First, there came self-checkout.
Now, it’s self-driving cars to make the delivery.
Two Kroger markets in Houston are rolling out a, in which orders can be placed online and delivered right to your home without a driver.
The self-driving service will be offered at stores in South Post Oak Road and Buffalo Speedway, per. Those in can access the service from the 77401, 77096, 77005 and 77025 ZIP codes, for same- or next-day delivery.
The delivery service was conceived by the robotics company Nuro, founded by two ex-Google employees. Kroger and Nuro began working together last year for a trial run in Scottsdale, Ariz., before they started this year’s expansion.
The company has reportedly completed thousands of driverless deliveries within the Arizona market.
The company aims to roll out its unmanned driverless R1 delivery vehicles in Texas within the next few weeks, but in the meantime, it’ll use a Toyota Prius fleet.
“Initially, we are going to start delivering with our self-driving Prius vehicles, so these are passenger vehicles just like regular Priuses that we’ve added sensing and computing to so they can drive themselves,” Nuro co-founder and president Dave Ferguson told ABC13. “There will still be safety drivers in them.”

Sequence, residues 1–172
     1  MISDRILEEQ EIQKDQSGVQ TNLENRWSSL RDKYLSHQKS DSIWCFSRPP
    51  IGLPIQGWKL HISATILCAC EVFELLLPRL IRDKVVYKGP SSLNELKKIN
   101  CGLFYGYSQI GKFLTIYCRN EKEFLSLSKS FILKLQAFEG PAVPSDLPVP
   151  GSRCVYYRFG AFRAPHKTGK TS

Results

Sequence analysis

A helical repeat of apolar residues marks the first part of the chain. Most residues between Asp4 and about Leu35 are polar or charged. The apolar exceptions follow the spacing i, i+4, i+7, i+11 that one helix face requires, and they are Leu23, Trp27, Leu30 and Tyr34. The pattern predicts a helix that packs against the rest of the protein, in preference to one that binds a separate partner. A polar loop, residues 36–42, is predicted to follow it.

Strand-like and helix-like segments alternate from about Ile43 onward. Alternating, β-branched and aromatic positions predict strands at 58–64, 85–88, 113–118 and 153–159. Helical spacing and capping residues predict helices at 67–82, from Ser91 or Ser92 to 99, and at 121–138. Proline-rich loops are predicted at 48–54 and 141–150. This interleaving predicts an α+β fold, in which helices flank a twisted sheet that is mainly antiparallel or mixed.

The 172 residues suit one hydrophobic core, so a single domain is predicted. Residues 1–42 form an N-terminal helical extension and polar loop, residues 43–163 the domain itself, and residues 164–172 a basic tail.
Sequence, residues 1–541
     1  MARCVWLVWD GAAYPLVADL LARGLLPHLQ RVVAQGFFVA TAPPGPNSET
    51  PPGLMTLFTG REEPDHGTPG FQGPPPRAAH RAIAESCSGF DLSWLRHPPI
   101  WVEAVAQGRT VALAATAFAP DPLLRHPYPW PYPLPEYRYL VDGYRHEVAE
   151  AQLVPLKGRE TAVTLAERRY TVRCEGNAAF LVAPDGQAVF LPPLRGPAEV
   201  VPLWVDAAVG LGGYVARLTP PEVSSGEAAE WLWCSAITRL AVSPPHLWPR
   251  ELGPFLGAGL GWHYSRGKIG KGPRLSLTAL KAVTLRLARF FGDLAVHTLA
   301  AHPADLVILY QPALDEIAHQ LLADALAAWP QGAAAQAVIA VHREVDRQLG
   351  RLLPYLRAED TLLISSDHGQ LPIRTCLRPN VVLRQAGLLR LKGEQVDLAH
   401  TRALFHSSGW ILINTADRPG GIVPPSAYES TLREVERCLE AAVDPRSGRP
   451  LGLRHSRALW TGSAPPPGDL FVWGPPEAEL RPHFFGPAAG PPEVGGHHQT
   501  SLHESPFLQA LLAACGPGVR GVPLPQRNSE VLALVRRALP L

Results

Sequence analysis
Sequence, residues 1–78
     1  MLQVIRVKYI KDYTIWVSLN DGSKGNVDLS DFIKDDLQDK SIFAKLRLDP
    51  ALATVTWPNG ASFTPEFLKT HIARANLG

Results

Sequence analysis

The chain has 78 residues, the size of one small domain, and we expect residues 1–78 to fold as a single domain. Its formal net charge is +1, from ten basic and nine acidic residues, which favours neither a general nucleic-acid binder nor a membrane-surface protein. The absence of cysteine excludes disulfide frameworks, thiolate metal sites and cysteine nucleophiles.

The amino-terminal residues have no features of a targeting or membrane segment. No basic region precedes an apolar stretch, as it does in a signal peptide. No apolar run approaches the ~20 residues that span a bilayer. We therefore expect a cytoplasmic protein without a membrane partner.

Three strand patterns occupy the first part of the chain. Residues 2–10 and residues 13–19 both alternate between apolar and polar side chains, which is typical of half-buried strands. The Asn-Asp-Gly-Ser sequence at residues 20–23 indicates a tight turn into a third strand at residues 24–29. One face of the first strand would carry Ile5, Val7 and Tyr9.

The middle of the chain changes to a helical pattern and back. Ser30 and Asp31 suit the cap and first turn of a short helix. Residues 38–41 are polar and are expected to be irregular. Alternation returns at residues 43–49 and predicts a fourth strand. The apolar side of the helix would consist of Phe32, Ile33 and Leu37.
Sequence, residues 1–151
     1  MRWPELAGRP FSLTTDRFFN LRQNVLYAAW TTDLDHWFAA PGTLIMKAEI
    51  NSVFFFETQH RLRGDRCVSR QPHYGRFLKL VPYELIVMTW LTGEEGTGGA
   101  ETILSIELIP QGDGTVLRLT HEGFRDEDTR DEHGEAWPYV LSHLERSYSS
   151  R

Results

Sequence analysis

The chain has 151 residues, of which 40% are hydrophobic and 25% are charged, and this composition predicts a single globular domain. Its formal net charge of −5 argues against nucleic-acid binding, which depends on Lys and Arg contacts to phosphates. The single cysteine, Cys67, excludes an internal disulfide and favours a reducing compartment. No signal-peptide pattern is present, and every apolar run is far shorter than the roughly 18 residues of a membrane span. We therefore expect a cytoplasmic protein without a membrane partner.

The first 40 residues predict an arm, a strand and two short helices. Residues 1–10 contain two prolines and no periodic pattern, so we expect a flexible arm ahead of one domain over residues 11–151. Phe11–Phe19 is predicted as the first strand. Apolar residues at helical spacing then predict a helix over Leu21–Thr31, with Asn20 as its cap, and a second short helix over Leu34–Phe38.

The R1 vehicles are about half the width and shorter than most sedans, which Nuro says will limit the potential for collisions.
“We generally feel that when you remove passengers from the vehicle, you can make it much safer for everyone else on the road,” Ferguson said. “For example, our vehicle is much smaller, it’s much lighter, it sort of collapses in the unlikely event of any collision.”
During the Arizona trial run, some residents enjoyed the experience of seeing a small robotic car pull up with groceries.
“It was a lot smaller than I thought it would be,” Arizona resident Shannon Baggett told AP last August. “I told my husband, ‘We just got our groceries delivered by a robot.'”
Other residents say they’re not quite ready for this type of change.
“I just don’t think we are there yet to have a driverless car,” local resident John Jones told ABC13.
Customers can place orders from the markets’ website or app for a $5.95 fee.
Nuro will expand the number of cars fitted with self-driving hardware and software to about 50,. It will operate in California, Arizona, and Texas with safety drivers behind the wheel.